1: It ain't Congress' job. See the Constitution (but we've covered that).
2: Once the government (in whichever branch) starts doing things like this, it's going to, by definition, be picking winners and losers. Let's say Larry Ellison decided to start up a new electric car company. Do we give him money as well? If we do, how far down the chain do we go when Bill Gates and the ghost of Steve Jobs show up with their new companies as well? If not, then we've given one (or more, depending on how far down the chain we got) an unfair advantage over the have-nots at taxpayer expense. Given all the squawking about making sure government is "fair" these days, that seems a bit counterproductive.
3: As romanval said, "traditional investors stayed away from" Musk. Why? Because it was a very risky investment. Great. We got our money back (and some profit to boot). In theory (this was just the press release: Musk hasn't actually paid us back yet). It does not strike me that loaning money to an entity that traditional investors are avoiding is being a good steward of taxpayer dollars.
Frankly, this is like a mother frog-marching her son back into a store to return the candy he stole, and then try to say, "It's all okay now. You got it all back, and here's a dime for your trouble."
Yep. You're entirely correct. And the Federal Government had no business bailing out the banks and the rest, either.
The US Government has no business playing venture capitalist to Elon Musk or anyone else. The power to act give loans to business ventures is NOT in the powers enumerated in Article 1, section 8 of the Constitution. So, they went to the executive branch instead, and managed to get some money from DoE's slush fund. If they want money, they should be doing it the old-fashioned way: going to REAL venture capitalists, selling common or preferred stock, or raiding Elon's piggy bank. I'm happy that they're gonna pay back the loan 5 years early, but that doesn't change the fact that the loan should never have been made in the first place.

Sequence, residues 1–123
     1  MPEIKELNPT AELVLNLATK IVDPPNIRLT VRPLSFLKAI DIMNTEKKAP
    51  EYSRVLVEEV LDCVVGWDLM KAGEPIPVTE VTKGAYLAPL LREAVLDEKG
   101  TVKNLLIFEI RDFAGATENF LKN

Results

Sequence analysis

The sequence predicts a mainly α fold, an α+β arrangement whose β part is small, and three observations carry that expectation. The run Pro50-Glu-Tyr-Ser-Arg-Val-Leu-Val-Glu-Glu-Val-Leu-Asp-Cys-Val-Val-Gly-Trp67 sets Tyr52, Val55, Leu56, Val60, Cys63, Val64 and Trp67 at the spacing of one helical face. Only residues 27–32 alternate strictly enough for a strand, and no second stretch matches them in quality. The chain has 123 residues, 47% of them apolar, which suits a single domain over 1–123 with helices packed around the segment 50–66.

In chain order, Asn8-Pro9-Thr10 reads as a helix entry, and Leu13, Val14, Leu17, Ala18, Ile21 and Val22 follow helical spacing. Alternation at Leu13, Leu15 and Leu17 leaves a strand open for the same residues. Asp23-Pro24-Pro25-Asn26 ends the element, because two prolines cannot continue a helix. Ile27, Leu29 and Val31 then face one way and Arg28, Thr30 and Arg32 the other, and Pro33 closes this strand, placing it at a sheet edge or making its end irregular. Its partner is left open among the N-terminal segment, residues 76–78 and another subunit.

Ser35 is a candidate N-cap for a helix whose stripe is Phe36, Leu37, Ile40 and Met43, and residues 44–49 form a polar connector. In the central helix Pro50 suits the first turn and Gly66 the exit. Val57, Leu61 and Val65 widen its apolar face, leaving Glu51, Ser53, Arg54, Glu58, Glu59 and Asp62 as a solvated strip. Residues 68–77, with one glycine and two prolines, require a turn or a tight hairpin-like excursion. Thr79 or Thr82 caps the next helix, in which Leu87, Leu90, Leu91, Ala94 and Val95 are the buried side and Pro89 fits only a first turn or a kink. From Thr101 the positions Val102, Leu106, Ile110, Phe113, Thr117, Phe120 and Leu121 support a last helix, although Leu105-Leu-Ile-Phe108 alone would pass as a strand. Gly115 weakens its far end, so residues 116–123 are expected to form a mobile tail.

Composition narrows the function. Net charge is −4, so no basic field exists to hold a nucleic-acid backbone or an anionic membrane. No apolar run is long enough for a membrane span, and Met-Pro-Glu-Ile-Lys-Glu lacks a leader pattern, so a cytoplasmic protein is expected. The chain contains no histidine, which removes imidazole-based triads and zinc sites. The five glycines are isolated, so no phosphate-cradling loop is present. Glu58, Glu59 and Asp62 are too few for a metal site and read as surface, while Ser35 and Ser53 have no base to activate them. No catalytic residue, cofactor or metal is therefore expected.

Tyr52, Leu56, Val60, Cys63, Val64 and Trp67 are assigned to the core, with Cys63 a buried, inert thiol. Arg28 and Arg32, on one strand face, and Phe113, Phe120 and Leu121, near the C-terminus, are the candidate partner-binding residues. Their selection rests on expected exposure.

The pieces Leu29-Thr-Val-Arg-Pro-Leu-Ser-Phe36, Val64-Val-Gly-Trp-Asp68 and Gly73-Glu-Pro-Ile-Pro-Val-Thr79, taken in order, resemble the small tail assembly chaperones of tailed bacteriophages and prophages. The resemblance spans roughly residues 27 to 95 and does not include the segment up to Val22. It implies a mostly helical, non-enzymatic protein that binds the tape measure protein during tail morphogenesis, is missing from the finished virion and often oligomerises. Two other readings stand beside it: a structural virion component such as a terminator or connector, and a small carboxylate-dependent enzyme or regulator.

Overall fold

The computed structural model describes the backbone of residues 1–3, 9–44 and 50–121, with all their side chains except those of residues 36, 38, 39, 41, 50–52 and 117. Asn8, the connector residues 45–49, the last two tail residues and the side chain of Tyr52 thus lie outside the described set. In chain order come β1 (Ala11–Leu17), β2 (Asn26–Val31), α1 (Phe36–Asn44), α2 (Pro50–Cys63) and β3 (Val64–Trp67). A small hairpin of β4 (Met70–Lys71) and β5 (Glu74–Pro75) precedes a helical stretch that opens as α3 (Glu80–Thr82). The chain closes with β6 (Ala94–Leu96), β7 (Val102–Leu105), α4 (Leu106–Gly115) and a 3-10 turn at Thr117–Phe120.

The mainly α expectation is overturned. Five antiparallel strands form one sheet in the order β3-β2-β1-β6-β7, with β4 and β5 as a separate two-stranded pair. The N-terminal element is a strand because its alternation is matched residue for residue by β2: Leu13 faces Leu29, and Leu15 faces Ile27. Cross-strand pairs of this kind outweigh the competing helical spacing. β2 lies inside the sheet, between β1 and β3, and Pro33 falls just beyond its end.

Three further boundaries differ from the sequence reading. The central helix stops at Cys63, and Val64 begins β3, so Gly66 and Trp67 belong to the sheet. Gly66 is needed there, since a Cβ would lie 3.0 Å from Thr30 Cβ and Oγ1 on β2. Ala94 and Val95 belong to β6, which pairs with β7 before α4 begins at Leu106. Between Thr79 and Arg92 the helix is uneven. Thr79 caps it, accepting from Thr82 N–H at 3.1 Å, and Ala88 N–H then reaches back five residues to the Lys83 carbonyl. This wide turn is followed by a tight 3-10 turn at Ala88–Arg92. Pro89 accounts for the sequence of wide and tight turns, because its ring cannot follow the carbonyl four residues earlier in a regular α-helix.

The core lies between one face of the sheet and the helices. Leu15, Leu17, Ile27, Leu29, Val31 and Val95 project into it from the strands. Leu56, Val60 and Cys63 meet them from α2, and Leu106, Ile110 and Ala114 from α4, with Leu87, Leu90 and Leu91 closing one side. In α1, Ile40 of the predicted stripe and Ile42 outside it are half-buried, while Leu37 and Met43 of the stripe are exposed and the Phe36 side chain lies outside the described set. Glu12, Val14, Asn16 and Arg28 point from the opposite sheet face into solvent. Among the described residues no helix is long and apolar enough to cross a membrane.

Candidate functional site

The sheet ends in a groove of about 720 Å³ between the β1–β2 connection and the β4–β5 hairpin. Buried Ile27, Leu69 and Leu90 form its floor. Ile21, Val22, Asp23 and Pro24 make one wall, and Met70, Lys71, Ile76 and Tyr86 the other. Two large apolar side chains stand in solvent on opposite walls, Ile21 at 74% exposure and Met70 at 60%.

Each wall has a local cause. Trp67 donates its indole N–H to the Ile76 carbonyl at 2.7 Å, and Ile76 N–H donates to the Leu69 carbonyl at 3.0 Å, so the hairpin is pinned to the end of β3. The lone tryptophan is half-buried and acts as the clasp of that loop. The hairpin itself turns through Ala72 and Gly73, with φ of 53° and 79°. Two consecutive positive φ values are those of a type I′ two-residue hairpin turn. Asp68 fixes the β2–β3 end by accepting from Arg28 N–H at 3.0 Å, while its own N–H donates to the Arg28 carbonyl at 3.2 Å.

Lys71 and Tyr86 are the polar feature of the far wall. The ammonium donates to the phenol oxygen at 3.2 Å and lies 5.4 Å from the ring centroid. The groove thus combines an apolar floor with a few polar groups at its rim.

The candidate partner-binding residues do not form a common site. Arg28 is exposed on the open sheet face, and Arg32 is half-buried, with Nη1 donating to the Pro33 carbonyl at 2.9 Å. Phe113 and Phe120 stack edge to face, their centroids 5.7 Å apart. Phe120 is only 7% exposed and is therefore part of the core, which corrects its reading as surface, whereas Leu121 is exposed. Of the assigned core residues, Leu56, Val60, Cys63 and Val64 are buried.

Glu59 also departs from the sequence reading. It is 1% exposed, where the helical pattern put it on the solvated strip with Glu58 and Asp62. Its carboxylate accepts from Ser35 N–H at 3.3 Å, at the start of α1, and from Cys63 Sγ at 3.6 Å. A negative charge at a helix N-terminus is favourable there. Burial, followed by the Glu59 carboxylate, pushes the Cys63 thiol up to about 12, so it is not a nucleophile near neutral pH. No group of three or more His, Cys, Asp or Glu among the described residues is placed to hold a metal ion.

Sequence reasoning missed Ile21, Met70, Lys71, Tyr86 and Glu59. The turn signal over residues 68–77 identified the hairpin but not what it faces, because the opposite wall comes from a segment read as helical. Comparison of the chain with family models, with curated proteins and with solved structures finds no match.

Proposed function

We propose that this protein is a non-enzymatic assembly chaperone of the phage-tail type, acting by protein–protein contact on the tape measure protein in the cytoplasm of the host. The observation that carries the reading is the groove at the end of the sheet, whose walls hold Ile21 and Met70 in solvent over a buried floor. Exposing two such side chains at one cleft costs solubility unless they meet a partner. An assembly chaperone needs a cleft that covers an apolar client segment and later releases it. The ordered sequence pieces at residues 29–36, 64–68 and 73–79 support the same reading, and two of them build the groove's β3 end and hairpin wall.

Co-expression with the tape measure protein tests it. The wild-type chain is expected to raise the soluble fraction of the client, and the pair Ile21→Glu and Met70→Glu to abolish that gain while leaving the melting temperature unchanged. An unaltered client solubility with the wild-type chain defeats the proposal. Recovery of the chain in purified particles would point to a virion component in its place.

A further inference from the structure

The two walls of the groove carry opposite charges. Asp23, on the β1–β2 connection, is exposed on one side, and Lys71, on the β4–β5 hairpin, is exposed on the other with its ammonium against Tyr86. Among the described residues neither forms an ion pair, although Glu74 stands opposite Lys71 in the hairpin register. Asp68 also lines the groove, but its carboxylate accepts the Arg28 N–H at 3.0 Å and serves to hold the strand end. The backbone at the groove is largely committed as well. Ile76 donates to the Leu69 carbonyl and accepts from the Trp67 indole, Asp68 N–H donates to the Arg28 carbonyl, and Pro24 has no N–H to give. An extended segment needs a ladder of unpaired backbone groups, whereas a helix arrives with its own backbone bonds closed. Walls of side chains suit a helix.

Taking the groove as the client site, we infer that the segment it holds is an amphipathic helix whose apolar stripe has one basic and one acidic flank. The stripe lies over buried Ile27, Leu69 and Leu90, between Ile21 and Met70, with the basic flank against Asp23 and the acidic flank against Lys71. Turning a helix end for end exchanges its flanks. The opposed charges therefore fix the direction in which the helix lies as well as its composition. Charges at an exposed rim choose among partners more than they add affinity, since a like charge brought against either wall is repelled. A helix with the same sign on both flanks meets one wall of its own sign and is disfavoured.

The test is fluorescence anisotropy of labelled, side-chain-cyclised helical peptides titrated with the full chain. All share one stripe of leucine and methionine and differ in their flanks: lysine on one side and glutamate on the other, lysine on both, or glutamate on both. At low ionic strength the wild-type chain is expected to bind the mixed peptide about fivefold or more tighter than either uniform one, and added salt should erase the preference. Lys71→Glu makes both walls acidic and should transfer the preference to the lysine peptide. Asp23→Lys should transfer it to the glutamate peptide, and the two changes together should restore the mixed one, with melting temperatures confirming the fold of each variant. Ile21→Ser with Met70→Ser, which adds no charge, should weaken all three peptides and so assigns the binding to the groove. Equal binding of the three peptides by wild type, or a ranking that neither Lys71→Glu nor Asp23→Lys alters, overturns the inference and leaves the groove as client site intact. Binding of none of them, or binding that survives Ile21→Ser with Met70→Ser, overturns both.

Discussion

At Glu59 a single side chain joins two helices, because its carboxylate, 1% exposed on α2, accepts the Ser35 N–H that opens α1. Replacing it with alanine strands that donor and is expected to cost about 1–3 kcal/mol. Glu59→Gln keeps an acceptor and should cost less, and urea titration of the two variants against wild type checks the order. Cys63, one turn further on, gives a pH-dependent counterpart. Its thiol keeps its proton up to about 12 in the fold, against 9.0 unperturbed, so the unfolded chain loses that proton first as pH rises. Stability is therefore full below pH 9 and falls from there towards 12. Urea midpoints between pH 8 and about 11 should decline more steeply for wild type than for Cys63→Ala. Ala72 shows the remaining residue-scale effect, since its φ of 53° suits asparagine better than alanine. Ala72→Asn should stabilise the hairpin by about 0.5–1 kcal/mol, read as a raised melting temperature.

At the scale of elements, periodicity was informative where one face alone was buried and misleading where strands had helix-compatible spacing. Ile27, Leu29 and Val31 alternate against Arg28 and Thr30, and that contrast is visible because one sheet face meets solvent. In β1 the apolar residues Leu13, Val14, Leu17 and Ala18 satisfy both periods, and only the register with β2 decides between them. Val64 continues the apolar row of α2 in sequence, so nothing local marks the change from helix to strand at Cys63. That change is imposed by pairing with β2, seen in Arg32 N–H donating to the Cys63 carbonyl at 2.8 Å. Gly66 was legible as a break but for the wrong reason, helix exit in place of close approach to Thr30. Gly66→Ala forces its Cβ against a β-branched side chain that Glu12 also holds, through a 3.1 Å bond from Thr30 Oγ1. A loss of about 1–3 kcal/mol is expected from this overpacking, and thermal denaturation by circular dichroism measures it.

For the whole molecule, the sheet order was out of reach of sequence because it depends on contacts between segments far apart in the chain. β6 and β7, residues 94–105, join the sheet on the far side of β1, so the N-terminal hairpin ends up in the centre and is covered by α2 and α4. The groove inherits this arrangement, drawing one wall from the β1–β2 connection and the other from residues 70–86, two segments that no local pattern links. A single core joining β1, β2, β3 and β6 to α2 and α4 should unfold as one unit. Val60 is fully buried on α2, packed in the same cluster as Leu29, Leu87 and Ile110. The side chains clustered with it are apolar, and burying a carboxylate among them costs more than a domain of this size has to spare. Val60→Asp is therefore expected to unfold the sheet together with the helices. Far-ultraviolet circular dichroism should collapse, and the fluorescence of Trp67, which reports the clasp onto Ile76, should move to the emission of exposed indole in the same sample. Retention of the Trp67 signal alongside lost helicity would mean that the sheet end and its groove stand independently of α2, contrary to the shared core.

China wasn't really that interested in saving Kim Il Sung's hiney back in the '50's. China got involved in the Korean war because 1) they felt they needed a buffer zone between a US-sponsored South Korea and their borders, and, perhaps more to the point, 2) Mao Zedong didn't just hold grudges. He cherished them, and he was still nine kinds of annoyed at the US for backing Chiang Kai-shek during the Chinese Civil War. Yeah, Koreans fought during the Chinese Civil War, but Mao was never one to be grateful enough for someone to do something against his interest in thanks.
The irony of this post, along with your signature about DRM, is absolutely staggering.
As you state, we can't come with a technology that effectively prevents unlawful use of a frigging MP3 while not overburdening the lawful licensor thereof, and yet you turn right around and think you can do the EXACT SAME THING with a firearm?
No thanks. I'll keep my 110 year old design.
That comes with caveats as well. The service member CANNOT do so in an official capacity or in uniform (see http://en.wikipedia.org/wiki/Hatch_Act_of_1939 for more information). Political speech is even more restricted by tradition. Technically, as long as the service member is on his own time, in civvies, and not attempting to attach his/her political work to his/her office or station in the military, everything is okay.
For enlisted service members, that's what generally occurs.
For officers, there's an unwritten code (and, like most unwritten codes, fairly rigorously - if unofficially - enforced) that the officers' corp should be apolitical, to the extent that there's a pretty strict inverse correlation between the grade of officer and the likelihood that they even vote. Civillian control of the military is drummed in from the first to the last, and, for an officer, voting comes uncomfortably close to having the military take control of itself.